It's Kerning, Not Keming
Let's talk Keming! What is this strange word? What does it mean?
Fellow designers may have caught my little joke (Kerning with bad kerning is kerming, get it?) but proper kerning is no laughing matter. By all means, don't just take my word for it. See the logos below that learned the hard way?
While the results are humorous to us, they are a major disaster for the brand
Kerning is essentially the space between letters that effects the look and feel of the word (Not to be mistaken for Tracking, that's a different topic for another day). Having the skill to manage kerning properly is one of those subtleties that separates a designer from your buddy Phil who downloaded Photoshop last weekend and can "like, totally make a logo for you bro". (Unless of course you want that sort of aesthetic).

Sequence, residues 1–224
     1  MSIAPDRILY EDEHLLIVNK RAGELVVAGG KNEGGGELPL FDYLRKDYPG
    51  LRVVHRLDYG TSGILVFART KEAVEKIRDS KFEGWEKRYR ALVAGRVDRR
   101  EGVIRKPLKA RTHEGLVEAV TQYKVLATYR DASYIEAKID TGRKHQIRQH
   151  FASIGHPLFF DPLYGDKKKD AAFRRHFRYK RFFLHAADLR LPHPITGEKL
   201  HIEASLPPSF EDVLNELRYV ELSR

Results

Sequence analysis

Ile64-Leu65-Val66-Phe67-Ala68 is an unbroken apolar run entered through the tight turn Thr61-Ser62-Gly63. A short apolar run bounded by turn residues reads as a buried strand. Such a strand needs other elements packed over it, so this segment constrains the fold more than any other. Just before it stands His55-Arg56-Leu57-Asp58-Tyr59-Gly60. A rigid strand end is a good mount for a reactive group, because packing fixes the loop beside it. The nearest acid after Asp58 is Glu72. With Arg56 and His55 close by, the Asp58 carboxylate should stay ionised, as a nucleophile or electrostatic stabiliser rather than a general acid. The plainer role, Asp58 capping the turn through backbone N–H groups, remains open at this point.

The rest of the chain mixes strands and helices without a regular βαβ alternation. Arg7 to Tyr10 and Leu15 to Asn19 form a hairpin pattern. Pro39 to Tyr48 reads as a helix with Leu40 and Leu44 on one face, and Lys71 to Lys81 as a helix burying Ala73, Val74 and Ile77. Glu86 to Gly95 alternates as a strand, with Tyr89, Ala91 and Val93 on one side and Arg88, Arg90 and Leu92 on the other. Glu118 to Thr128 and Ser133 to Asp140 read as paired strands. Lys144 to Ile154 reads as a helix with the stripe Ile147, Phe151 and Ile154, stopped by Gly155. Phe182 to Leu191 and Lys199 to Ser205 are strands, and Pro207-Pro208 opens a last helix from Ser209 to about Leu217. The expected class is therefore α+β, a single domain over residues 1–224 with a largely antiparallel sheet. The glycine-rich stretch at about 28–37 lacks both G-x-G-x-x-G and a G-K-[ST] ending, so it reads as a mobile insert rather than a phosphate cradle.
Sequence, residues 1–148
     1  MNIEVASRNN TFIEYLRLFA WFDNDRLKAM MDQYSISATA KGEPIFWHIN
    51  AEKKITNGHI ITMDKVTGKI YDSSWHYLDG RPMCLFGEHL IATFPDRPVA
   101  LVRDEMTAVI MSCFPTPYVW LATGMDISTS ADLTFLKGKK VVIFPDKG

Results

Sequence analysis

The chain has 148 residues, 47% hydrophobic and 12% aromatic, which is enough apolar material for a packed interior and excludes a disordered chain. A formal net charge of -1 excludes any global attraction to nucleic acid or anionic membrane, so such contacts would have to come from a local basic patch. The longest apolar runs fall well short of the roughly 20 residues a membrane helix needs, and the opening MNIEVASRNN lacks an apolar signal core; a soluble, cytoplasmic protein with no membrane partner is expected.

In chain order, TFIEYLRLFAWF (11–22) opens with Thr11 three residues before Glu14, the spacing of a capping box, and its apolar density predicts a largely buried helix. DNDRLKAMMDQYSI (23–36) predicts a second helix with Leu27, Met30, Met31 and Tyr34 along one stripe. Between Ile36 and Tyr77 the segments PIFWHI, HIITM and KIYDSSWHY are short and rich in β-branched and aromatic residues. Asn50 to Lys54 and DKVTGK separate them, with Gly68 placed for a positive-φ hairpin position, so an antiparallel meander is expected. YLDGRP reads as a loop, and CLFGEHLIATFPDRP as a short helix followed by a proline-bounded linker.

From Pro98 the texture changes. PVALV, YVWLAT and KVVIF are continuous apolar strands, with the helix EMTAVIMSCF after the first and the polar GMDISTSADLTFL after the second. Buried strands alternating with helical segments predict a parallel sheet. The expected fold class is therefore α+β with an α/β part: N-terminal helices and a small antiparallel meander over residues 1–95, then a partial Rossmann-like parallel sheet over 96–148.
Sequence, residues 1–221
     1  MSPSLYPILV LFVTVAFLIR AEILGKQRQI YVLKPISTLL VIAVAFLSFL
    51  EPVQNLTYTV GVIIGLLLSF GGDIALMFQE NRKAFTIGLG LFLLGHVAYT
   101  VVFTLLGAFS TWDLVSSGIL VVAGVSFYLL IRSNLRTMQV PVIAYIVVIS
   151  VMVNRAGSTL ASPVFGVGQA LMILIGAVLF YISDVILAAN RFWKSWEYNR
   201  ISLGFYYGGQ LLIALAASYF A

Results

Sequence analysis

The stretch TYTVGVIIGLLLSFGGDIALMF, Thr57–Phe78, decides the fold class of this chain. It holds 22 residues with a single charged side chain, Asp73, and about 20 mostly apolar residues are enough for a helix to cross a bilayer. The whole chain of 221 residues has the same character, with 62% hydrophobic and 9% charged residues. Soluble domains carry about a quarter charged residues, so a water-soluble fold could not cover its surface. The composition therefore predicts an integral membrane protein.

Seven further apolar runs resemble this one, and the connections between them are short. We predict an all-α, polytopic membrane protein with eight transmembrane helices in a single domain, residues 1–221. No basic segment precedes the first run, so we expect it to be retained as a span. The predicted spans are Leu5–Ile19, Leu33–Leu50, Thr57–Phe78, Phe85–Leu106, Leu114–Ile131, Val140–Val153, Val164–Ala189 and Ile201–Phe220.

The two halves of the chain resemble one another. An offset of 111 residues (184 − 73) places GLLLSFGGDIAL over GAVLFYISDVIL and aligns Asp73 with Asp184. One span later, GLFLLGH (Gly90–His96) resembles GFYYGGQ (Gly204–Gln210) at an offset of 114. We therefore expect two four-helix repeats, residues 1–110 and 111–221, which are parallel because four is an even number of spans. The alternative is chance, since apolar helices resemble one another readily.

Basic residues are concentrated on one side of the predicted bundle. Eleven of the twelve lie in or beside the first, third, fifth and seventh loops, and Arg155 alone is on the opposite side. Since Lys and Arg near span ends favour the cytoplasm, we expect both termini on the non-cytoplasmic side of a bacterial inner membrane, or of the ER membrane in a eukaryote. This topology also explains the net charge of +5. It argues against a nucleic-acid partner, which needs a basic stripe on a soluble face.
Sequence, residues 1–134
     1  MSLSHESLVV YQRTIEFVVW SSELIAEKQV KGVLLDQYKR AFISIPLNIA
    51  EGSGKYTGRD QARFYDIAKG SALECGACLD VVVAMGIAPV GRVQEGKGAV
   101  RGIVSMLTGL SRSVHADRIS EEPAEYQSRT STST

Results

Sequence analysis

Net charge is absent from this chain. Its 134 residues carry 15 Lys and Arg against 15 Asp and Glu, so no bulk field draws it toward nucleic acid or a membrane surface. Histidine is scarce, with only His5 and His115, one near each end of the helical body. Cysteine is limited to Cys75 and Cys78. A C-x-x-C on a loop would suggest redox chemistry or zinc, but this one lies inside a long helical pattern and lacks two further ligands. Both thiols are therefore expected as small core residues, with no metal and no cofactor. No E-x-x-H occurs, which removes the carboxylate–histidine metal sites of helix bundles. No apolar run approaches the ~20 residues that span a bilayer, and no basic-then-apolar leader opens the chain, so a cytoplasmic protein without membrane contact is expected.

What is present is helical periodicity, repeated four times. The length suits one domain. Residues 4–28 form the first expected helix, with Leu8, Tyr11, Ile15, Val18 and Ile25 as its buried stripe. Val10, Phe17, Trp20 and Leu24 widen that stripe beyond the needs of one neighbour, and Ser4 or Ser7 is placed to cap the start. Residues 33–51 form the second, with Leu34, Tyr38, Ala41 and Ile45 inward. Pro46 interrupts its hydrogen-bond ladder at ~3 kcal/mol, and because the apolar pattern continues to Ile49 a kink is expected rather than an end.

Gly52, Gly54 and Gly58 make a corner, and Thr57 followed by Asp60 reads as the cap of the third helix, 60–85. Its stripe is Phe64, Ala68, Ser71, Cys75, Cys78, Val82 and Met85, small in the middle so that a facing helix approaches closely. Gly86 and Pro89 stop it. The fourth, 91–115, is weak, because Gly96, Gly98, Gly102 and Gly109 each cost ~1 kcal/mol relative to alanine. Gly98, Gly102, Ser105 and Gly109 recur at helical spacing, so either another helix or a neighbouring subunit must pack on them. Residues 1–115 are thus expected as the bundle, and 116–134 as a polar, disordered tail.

So, why is it so important? The fact of the matter is that kerning can make or break a logo, advertisement, billboard, etc and while you may get attention for it - it almost certainly won't be the kind of attention you had hoped for when you invested all that money in some fancy design. Especially when it was a large budget branding project!
Good kerning keeps your typography balanced, bad kerning makes your typography into a joke (sometimes, other times it's just bad to look at). I invite other designers, and anyone who is NOT a designer, to join the discussion in the comments by answering this question:
Was there ever a time when Kerning (either bad or good) affected your brand? How? and what was the lesson you took away, if any at all?
Bonus: Do you want to test your kerning skills? http://type.method.ac/ is a fun kerning game for designers to play with proper kerning and test their abilities against the computer. How did you do?
(My highest score is 100/100 but who's counting?)